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Parvovirus is bad news for dogs
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The joy of getting a new puppy can be universally appreciated. That cute little furry animal who loves you unconditionally will make any owner’s heart warm. Owning pets comes with joys and responsibility, like cleaning up after him or her, feeding the animal daily, bathing and veterinary care.
All puppies deserve a visit to the veterinary office for an exam and puppy vaccine series. During their puppy vaccine series, puppies receive several doses of the distemper virus, parvovirus, parainfluenza and hepatitis vaccine, all of which are aimed at preventing these diseases as your puppy grows. Today, I would like to discuss the importance of the parvovirus vaccine and specifically the importance of parvovirus prevention.
Parvovirus is an easy-to-spread, hard-to-kill virus that lives in the soils and environment for years after the infected puppy or dog has been removed. It is spread by oronasal transmission, meaning puppies and susceptible dogs sniffing around the poop of an infected dog will contract the disease. Unfortunately, this virus lives very well in our warm, humid environment in south Georgia and is almost impossible to kill once an area has been contaminated by an infected dog.
Parvovirus infections cause the cells inside the dog’s intestines to die, which leads to severe vomiting and diarrhea. The death of the intestinal cells will allow for intestinal bacteria to infect the puppy and cause a severe bacterial infection to complicate the illness. Diarrhea and vomiting can be life threatening if left untreated because it does not take long for puppies to become dehydrated and weak.
A typical presentation for parvovirus infection is a puppy, which is not vaccinated, to come to the vet office with some duration of vomiting and diarrhea, sometimes with blood in it. The owners will say the animal was doing OK one day, and then suddenly was very sick with bloody diarrhea.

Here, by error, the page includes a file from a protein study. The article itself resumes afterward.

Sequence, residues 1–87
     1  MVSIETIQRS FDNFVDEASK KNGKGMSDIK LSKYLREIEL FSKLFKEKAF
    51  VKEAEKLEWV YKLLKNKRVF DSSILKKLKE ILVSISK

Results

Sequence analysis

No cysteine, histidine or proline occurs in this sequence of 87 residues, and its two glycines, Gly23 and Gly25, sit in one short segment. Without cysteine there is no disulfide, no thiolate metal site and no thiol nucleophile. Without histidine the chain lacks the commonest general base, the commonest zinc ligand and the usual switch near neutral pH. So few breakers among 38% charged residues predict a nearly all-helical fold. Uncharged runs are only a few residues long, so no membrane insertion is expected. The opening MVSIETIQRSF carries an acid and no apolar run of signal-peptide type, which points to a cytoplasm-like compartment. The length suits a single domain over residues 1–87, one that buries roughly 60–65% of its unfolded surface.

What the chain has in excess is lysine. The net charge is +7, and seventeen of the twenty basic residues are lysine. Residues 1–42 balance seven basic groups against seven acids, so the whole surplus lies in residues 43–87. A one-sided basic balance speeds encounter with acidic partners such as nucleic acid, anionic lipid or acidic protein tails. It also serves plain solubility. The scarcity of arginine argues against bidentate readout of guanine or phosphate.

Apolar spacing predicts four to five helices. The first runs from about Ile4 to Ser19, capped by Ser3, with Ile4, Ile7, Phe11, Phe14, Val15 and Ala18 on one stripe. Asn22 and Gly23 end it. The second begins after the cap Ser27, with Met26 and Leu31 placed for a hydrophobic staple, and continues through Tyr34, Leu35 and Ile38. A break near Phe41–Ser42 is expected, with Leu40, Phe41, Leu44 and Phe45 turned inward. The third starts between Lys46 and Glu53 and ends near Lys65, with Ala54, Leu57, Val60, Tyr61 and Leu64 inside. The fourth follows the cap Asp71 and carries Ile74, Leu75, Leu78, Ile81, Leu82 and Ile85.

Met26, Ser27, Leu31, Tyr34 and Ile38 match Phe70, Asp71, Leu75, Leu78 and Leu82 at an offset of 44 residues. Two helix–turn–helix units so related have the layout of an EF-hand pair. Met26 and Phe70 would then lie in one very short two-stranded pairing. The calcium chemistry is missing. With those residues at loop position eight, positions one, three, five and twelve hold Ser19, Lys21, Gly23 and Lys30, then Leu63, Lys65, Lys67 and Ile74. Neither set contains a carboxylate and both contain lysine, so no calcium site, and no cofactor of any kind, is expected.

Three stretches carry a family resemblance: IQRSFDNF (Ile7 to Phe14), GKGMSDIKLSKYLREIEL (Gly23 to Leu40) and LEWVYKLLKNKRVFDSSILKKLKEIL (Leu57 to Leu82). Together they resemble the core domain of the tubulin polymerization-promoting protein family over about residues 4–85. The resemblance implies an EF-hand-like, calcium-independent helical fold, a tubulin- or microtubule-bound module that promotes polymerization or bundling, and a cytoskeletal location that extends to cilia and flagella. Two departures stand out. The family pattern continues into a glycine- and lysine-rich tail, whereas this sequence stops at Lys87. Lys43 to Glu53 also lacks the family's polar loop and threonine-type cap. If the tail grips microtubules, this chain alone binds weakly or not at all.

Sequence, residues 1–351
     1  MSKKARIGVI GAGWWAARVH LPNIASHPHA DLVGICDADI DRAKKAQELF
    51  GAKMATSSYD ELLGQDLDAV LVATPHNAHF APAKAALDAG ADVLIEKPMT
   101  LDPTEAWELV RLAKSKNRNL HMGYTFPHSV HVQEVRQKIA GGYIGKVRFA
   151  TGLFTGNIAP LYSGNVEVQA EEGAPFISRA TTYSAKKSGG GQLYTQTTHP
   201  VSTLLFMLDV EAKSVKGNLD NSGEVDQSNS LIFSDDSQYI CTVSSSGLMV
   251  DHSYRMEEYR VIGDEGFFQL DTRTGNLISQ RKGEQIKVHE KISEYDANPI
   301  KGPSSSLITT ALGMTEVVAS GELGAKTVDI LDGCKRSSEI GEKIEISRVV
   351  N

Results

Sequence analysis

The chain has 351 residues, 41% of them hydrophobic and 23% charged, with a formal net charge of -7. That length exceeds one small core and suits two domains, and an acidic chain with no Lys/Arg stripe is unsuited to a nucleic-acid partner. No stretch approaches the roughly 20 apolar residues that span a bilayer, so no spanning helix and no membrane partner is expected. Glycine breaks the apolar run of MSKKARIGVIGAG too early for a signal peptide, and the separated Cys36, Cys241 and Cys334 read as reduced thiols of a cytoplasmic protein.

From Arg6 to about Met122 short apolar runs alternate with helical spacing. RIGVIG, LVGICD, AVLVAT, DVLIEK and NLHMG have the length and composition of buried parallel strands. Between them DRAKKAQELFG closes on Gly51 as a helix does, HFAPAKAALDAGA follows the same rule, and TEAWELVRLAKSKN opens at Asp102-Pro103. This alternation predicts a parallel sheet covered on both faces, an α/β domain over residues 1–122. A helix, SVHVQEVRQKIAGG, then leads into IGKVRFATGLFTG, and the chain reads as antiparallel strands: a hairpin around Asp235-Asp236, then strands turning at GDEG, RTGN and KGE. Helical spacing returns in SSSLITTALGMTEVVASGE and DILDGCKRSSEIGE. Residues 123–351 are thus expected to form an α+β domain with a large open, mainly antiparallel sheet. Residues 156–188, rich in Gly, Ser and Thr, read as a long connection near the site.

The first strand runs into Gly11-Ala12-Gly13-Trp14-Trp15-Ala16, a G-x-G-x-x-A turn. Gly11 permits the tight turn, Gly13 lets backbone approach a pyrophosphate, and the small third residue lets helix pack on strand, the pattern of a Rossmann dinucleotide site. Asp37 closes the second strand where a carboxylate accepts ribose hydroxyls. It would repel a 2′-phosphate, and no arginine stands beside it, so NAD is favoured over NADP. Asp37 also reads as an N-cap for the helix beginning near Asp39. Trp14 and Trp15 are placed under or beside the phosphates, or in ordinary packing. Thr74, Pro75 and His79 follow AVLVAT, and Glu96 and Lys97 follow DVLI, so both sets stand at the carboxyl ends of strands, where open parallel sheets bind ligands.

Treatment for parvovirus is intense hospitalization with IV fluids and medications aimed at supporting the puppy through the illness for several days. There is no one medication that can kill the virus once the patient is sick, the virus simply has to run its course. But hopefully we can keep the puppy alive long enough for the intestines to repair themselves.
Treatment can be expensive and is not always successful. But not treating always has the same sad outcome – no more puppy. The best way to protect your puppies and dogs is to have them vaccinated.
Since this is such a horrible disease for your puppy to endure, the best way to protect your new furry bundle of joy is to start his or her vaccines at 6 weeks of age with booster vaccines each month until they are four months old. Completing this series of vaccines significantly reduces the risk of your puppy contracting parvovirus and will make any infection that he or she does get less severe.
For dogs who have already completed their puppy series of vaccines, yearly boosters are recommended to ensure continues protection.
Parvovirus is one bad disease that, with proper vaccination, we have a good chance of preventing. For any new puppy or dog whose vaccine history you don’t know, I recommend having them vaccinated as soon as possible.
If ever you have an ill pet with vomiting and diarrhea, schedule a visit with your veterinarian as soon as possible because it could be a life-threatening condition. Your local veterinarians are always happy to see you and vaccinate your pets or treat any sick patient.

Bodiford is a veterinarian at Black Creek Animal Hospital in Ellabell, 858-7387.

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